NIU students, faculty and employees frequently are asked to fill out those forms to turn their opinions into action. Fix a sports field. Add an academic program. Drop an outdated rule.
People who distribute evaluation forms sang their praises as the first step to determine if change is needed. That was the case at NIU’s Recreation Services, director Sandi Carlisle said.
“From an assessment survey, we learned that students wanted more outdoor recreation space,” Carlisle said. “So we are looking at renovating a field west of Stevenson Towers and north of the Convocation Center.”
The assessment process has also helped staff members of ACCESS, NIU’s tutoring program, to tweak their service so students who normally shun extra academic help actually embrace it.
More students now are turning to tutors to bring their grades up, said Shevawn Eaton, the director of ACCESS.
Assessment is an effective means for improvement of all student learning, said Carolinda Douglass, associate vice provost for Academic Outcome Assessment. The expo offers the opportunity to show important assessments are, Douglass added, no matter whether they’re taken on paper or online.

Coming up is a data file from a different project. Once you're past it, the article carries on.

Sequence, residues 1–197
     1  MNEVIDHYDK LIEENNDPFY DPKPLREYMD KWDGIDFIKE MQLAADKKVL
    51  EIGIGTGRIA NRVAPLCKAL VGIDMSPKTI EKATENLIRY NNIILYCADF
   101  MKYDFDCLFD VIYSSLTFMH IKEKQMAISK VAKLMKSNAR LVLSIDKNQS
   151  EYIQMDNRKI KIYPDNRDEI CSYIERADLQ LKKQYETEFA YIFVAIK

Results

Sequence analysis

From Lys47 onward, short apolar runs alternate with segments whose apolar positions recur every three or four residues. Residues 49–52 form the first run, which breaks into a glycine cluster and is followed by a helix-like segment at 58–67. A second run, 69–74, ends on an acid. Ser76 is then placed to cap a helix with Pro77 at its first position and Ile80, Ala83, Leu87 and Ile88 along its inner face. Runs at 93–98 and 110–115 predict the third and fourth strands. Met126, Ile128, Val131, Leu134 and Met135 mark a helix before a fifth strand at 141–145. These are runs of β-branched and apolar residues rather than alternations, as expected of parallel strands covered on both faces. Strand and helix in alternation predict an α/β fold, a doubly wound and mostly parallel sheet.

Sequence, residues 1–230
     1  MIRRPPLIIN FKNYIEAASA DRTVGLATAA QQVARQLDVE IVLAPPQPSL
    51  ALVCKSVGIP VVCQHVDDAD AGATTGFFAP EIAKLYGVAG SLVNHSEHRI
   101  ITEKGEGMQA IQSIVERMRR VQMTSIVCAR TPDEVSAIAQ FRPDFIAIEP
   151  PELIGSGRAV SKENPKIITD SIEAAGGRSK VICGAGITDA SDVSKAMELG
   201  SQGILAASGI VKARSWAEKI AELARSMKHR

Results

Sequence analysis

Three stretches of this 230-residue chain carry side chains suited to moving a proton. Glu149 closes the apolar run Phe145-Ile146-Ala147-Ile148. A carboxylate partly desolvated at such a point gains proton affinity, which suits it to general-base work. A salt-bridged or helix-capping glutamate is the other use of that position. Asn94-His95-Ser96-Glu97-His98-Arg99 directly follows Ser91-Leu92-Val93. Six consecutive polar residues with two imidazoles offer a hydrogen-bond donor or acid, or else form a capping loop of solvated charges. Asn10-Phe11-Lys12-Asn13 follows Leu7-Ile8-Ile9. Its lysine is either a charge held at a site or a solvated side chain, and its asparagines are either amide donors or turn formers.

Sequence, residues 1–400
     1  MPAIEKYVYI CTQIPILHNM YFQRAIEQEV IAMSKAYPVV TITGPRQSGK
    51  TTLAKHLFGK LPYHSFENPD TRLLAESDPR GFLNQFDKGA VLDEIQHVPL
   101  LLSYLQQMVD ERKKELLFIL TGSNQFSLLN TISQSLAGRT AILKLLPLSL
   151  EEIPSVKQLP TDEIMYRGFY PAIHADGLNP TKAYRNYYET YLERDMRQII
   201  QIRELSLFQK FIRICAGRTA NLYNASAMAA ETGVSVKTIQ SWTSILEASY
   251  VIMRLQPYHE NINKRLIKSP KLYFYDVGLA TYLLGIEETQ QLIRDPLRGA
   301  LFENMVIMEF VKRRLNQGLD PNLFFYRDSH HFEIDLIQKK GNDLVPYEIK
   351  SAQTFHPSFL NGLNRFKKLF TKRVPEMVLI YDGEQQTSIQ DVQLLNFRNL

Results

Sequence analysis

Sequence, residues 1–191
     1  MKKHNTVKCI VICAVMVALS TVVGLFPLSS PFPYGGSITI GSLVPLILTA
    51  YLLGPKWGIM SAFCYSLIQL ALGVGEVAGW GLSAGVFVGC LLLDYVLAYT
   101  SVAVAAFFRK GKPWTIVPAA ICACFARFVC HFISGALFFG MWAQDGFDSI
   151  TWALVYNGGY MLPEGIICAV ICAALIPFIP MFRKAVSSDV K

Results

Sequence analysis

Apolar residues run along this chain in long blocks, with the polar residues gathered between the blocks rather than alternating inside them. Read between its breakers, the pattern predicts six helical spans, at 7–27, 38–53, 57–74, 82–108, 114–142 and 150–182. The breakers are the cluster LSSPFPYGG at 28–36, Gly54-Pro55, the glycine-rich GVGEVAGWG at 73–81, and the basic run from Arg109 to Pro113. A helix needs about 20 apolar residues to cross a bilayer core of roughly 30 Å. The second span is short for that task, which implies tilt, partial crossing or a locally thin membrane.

“Sometimes assessment is something people don’t look forward to,” Douglass told the 55 people who attended the expo. “But today we are celebrating assessment.”
Their key is to make sure everyone involved with the program or service fills them out. That includes students, said Eric Niemi, a Ed.D student who is studying in the Department of Counseling, Adult and Higher Education.
“Students want to be involved,” Niemi said. “Once they see that their opinions are valued, they will be happy to be involved.”
by Gerard Dziuba